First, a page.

The Arizona law recently signed by Gov. Jan Brewer would require police to check the immigration status of an individual if there is "reasonable suspicion" the person is an undocumented immigrant. Like former Florida Governor Jeb Bush, Senator Lindsey Graham (R-S.C.), and former Arizona Governor Janet Napolitano, I have serious concerns about the fairness and constitutionality of the Arizona law.
There is no doubt Arizona faces serious law enforcement challenges as a result of illegal immigration. But the reality is the situation in Arizona is a symptom of a broader problem: Our broken immigration system. And putting the police in a position of enforcing this law is unfair in light of our own failure to act in Washington. That’s why the Arizona Association of Chiefs of Police has strongly urged the U.S. Congress to "immediately initiate the necessary steps to begin the process of comprehensively addressing the immigration issue to provide solutions that are fair, logical, and equitable."
I couldn’t agree more. We need a comprehensive approach to secure our borders, crack down on employers who hire illegal immigrants and require those who came here illegally to register with the government, learn English, and pay back taxes and other fines before they can go to the back of the line to work towards becoming taxpaying American citizens.
And immigration reform legislation must address the plight of immigrant children who grew up in this country but are prevented from pursuing their dreams by current immigration law. They are honor-roll students, valedictorians, community leaders and aspiring teachers and doctors.
They came here with their parents at an age when they were too young to understand the consequences of their actions. And we do not have a tradition that punishes children for the choices of their parents.
These young people are the reason I introduced the DREAM Act nine years ago. Senator Dick Lugar (R-Ind.) is the DREAM Act’s lead co-sponsor. Our bill would give immigrant students the chance to become legal residents if they came here as children, are long-term U.S. residents, have good moral character, and attend college or enlist in the military for at least two years.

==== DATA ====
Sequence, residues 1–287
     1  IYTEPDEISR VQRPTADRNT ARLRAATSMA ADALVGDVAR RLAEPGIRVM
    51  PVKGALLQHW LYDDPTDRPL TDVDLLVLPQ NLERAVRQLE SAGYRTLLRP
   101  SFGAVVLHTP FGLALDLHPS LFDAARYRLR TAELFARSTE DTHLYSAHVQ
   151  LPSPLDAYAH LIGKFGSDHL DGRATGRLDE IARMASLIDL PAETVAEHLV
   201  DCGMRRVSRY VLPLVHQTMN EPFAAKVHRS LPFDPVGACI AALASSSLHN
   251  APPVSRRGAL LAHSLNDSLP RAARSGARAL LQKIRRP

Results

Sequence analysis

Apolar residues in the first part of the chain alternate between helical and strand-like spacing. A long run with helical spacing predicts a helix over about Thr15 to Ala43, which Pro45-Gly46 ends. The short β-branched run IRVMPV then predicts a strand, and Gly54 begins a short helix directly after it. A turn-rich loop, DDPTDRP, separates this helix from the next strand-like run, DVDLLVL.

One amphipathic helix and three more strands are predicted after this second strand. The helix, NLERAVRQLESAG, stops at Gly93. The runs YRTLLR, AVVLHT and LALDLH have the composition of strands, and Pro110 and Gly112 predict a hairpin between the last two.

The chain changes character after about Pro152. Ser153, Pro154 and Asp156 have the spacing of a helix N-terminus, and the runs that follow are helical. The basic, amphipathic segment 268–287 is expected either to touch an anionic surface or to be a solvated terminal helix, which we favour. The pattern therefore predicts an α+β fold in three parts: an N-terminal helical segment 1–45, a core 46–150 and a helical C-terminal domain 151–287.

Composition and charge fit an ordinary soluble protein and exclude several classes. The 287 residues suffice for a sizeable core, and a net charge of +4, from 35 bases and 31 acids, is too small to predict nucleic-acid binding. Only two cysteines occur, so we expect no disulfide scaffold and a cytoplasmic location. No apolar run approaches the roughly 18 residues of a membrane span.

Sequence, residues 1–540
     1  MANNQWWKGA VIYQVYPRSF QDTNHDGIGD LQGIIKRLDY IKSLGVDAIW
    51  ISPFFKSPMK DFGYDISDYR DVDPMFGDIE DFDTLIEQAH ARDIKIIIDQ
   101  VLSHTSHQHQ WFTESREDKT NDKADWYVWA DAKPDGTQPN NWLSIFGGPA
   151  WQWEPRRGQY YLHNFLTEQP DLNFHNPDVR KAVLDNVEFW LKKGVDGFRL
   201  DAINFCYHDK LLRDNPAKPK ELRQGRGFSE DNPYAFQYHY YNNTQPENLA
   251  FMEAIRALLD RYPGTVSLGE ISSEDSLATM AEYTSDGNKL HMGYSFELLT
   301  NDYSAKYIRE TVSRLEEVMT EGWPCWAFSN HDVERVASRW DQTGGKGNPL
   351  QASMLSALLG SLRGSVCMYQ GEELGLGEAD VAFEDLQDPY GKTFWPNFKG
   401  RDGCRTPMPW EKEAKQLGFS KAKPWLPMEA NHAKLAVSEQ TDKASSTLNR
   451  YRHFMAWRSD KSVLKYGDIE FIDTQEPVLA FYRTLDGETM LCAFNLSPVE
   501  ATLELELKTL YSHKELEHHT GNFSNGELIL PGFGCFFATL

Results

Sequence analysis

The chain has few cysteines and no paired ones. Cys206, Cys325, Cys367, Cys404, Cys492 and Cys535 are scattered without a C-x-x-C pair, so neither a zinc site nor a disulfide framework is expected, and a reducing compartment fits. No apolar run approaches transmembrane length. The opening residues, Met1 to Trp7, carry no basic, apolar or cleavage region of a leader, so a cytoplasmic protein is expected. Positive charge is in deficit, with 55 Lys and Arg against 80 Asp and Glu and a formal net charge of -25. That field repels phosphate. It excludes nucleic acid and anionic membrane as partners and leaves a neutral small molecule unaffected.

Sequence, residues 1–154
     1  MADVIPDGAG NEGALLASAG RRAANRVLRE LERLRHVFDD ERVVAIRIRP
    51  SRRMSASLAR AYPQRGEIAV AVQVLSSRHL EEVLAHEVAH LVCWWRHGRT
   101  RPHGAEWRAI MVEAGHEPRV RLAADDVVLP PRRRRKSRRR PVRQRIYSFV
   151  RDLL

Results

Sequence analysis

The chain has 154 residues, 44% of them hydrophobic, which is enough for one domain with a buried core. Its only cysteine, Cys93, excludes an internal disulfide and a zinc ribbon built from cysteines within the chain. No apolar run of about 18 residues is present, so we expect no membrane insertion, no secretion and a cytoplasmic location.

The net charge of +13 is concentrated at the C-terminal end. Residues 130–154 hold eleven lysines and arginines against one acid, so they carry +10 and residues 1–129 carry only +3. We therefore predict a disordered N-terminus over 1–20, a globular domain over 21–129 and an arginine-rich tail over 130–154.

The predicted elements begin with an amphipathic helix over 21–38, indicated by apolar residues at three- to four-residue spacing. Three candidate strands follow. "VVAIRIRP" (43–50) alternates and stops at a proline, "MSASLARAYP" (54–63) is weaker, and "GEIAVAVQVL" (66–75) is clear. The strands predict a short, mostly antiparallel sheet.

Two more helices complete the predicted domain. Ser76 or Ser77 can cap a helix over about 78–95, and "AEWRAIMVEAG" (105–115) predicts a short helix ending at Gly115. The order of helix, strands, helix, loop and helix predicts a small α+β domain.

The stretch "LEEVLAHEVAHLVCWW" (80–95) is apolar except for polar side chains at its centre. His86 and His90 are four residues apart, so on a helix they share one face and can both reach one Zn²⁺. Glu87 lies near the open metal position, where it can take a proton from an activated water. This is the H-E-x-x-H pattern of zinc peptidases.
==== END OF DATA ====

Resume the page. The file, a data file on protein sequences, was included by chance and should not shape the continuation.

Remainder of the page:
The DREAM Act would allow a generation of immigrant students with great potential and ambitions to contribute more fully to our society. Our country would also benefit from thousands of highly qualified, well-educated young people who are eager to serve in the Armed Forces during a time of war.
Recently, I met with four young people who would qualify for the DREAM Act. They walked all the way from Miami, Fla., to Washington, D.C., – 1,500 miles – in order to bring attention to the situation of undocumented immigrant students and the DREAM Act. They are not asking for anything different than generations of young people before them – a chance to succeed in a country where hard work and talent determine success rather than color, creed or background.
And they believe the DREAM Act is the key to their aspirations.
We’ve come close to making the DREAM Act law before. Last Congress, our bill received 52 votes in the Senate, a majority vote – including 11 Republicans – but we needed 60 under Senate rules. Since then, support for the DREAM Act has grown and the bill now has 38 cosponsors. If Democrats and Republicans come together, we can pass comprehensive immigration reform legislation, including the DREAM Act, in 2010.
Failure to take up immigration reform will mean our broken system and ineffective laws will continue to weaken our national security, hurt our workers, and fall short of the most basic standard of justice.
In the mean time, Senator Lugar and I have urged the Obama Administration and the Secretary of Homeland Security, Janet Napolitano, to immediately halt deportations for those students who would otherwise be able to earn legal status under the DREAM Act. Secretary
Napolitano has said “smart immigration policy balances strong enforcement practices with common-sense, practical solutions to complicated issues.” The situation of DREAM Act students is just such a complicated issue and requires the common sense, practical solution of deferred deportations.
I understand some would rather avoid this issue in an election year because it is politically sensitive. But Congress has an obligation to do what is best for our country and fix our broken immigration system.